5 industrial tourist spots in Russia

Vladimir Smirnov/TASS
For tourists who don’t want to confine themselves to the Hermitage and St Basil’s, Russia offers fascinating tours of Soviet-era mega-plants and curious factories in remote corners.

Cherepovets metallurgical plant

This plant opened its doors to tourists in July 2019 after an $8 million facelift.

Founded in 1955, it mainly produces metal for making household appliances, and for use in the ship/machine-building, fuel, power, defense, and construction industries.

The tour begins with the Museum of Metallurgical Industry, which tells the history of iron production, allowing visitors to try on ancient armor in a “virtual fitting room” and instructing them in creating artwork with metal shavings and making steel.

The museum’s backyard exhibits equipment for the production of cast iron, steel, and rolled metal. Guests can also drive a BELAZ, one of the largest Russian trucks.

Next up is a visit to the most productive metalworks in Russia — Rolling Mill 200. The temperature in the hot-rolling section is a balmy 1,000 degrees Celsius, so a special viewing platform is provided from which to observe the action.

The tour lasts two hours and is conducted in English. A group tour costs from $12 per person; an individual tour is $170.

Machine Tool Museum in Tula

This 1,000 sq. m. museum in the Оctave industrial cluster houses eight lathes assembled from all over Russia. They include a Henry Ford conveyor line, the first steam engine, the “Tsar-Hammer” steam hammer, a cartridge case press, and a spinning jenny.

The sound installation blends seamlessly into the general factory aesthetics — huge pipes hang from the ceiling reproducing the sounds of the working plant. In addition, a 40-meter wall timeline presents the entire history of the development of Russian industry. Also on display are 3D models of Russia’s main industrial plants.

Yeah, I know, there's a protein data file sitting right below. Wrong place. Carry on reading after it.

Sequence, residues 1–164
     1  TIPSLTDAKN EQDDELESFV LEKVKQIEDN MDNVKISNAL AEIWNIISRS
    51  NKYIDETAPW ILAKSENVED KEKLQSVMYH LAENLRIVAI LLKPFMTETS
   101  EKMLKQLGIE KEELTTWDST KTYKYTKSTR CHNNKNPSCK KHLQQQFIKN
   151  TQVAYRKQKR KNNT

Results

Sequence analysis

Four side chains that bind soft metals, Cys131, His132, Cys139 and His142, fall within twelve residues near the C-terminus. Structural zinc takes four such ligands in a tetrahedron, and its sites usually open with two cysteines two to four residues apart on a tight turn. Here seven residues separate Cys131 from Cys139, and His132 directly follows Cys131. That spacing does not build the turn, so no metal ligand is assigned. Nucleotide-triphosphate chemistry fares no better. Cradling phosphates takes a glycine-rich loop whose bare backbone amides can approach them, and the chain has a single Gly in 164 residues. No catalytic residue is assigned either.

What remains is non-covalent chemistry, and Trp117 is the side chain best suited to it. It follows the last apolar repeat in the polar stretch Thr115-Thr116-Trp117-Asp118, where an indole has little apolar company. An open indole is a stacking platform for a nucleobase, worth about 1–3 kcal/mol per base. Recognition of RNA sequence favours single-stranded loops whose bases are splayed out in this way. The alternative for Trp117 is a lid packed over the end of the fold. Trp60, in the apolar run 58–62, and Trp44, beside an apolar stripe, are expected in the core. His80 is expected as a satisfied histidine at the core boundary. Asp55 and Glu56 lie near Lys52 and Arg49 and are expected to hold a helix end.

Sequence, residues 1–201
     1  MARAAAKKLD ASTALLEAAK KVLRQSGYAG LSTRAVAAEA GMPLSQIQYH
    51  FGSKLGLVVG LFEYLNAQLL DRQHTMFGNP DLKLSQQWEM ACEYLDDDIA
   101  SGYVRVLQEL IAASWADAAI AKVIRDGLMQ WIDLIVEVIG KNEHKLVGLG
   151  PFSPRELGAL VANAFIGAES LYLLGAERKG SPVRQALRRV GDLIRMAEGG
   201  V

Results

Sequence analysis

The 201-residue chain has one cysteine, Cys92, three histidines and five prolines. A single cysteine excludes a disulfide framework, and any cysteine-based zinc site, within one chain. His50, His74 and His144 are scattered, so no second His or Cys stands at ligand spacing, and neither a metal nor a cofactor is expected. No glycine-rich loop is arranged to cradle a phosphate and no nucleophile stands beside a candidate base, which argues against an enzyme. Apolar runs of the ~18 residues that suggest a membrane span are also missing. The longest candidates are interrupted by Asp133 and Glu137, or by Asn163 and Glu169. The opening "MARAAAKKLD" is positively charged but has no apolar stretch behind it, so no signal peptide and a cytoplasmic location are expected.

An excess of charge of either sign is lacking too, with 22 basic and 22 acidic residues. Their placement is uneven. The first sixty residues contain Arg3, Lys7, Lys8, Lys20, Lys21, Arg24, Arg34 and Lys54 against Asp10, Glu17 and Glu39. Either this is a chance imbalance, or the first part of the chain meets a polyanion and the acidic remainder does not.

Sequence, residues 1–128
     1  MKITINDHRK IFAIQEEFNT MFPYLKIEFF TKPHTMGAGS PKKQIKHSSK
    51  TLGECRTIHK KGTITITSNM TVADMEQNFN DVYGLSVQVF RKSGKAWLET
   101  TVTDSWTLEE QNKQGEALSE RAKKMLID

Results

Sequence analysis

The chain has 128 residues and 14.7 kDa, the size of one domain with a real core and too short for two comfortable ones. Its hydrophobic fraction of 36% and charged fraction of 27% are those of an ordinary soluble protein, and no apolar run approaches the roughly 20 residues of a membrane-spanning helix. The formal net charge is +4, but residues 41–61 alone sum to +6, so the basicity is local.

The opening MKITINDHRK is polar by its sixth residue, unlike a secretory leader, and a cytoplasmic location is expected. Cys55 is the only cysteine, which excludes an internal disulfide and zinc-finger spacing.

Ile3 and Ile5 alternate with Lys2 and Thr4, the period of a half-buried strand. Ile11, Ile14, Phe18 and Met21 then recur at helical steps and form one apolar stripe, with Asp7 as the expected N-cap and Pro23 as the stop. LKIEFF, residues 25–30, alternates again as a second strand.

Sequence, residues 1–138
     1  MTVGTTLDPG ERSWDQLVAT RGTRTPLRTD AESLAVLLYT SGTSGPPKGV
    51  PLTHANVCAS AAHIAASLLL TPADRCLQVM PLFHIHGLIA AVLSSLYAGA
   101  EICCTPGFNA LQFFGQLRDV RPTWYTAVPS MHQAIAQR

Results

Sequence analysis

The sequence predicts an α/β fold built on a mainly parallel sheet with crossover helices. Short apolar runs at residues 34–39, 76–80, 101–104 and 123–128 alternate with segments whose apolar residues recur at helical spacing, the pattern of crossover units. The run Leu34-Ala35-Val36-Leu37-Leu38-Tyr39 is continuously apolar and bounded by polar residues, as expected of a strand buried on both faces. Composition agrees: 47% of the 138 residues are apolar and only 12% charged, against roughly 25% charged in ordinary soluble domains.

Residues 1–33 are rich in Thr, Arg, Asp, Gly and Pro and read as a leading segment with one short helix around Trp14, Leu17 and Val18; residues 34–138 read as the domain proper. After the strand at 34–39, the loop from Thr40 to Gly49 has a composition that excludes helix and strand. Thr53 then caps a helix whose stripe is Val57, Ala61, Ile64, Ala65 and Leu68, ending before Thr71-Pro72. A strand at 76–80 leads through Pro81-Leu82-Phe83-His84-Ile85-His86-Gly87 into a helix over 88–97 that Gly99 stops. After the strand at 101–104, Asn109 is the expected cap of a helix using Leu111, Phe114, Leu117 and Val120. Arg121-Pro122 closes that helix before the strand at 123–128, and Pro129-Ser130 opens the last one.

Admission costs $5.50 for adults, $3.93 for students, $3.14 for schoolchildren, and is free for kids under six, multi-child families, and disabled people. Everyone is provided with an audio guide in English.

Abrau-Durso winery

Abrau-Durso is the most famous winery in Russia, located in Krasnodar Territory. The tour starts with a visit to the Abrau Gallery of Light Contemporary Art Center and a film about the history of the plant in English. Next, tourists are introduced to the old cellars built in the late 19th century.

After that, guests are invited to the modern sparkling wine production facilities and the old Soviet tunnels. The culmination is a tasting of five types of sparkling wines and a visit to the gallery shop.

For an additional fee, you can arrange a walking tour of the city with an audio guide (English is available). And in the above-mentioned tunnels, quests are held for children and adults.

The tour lasts 1.5 hours and costs $15.70.

Vyksa steelworks

Employees stand near a metal sheet at the OMK metal works in Vyksa in the Nizhny Novgorod region.

This factory offers a choice of three tours, enticingly named: “The birth of large diameter pipes,” “The amazing transformations of steel,” and “The world of hot wheels.” Tourists can observe the steel-rolling process and see how pipes for such monstrous gas pipelines as Nord Stream and Power of Siberia are built. In addition, visitors are shown how molten metal is used to make wheels for trains and subway cars.

And here you can see the “Vyksa 10 000” graffiti. Covering 10,800 square meters, it is the largest mural on a building façade anywhere in the world, created by popular contemporary Russian artist Misha Most.

A group tour (available in English) costs 15,000 rubles ($234.50); the maximum group size is 15. Registration is required at least 12 days in advance.

Petrodvorets watch factory

Founded under Peter the Great and located in St Petersburg, this factory produced special timepieces for polar explorers and the Soviet army and navy.

After WW2, the enterprise started making watches under the Victory brand. The most famous such watch is the Rocket, released in 1961 in honor of Yuri Gagarin. Back then the factory employed around 8,000 people. Work at the plant was halted in the post-Soviet 1990s, and resumed only in 2012, albeit with a drastically reduced workforce of just 50.

Everything here is still assembled by hand — a very rare instance of a watch factory that manufactures its own clock mechanisms, including spiral and balance.

The factory periodically conducts tours in Russian and English, giving a unique insight into the watch-making process.

Advance sign-up by phone or email is required. Tours are free.

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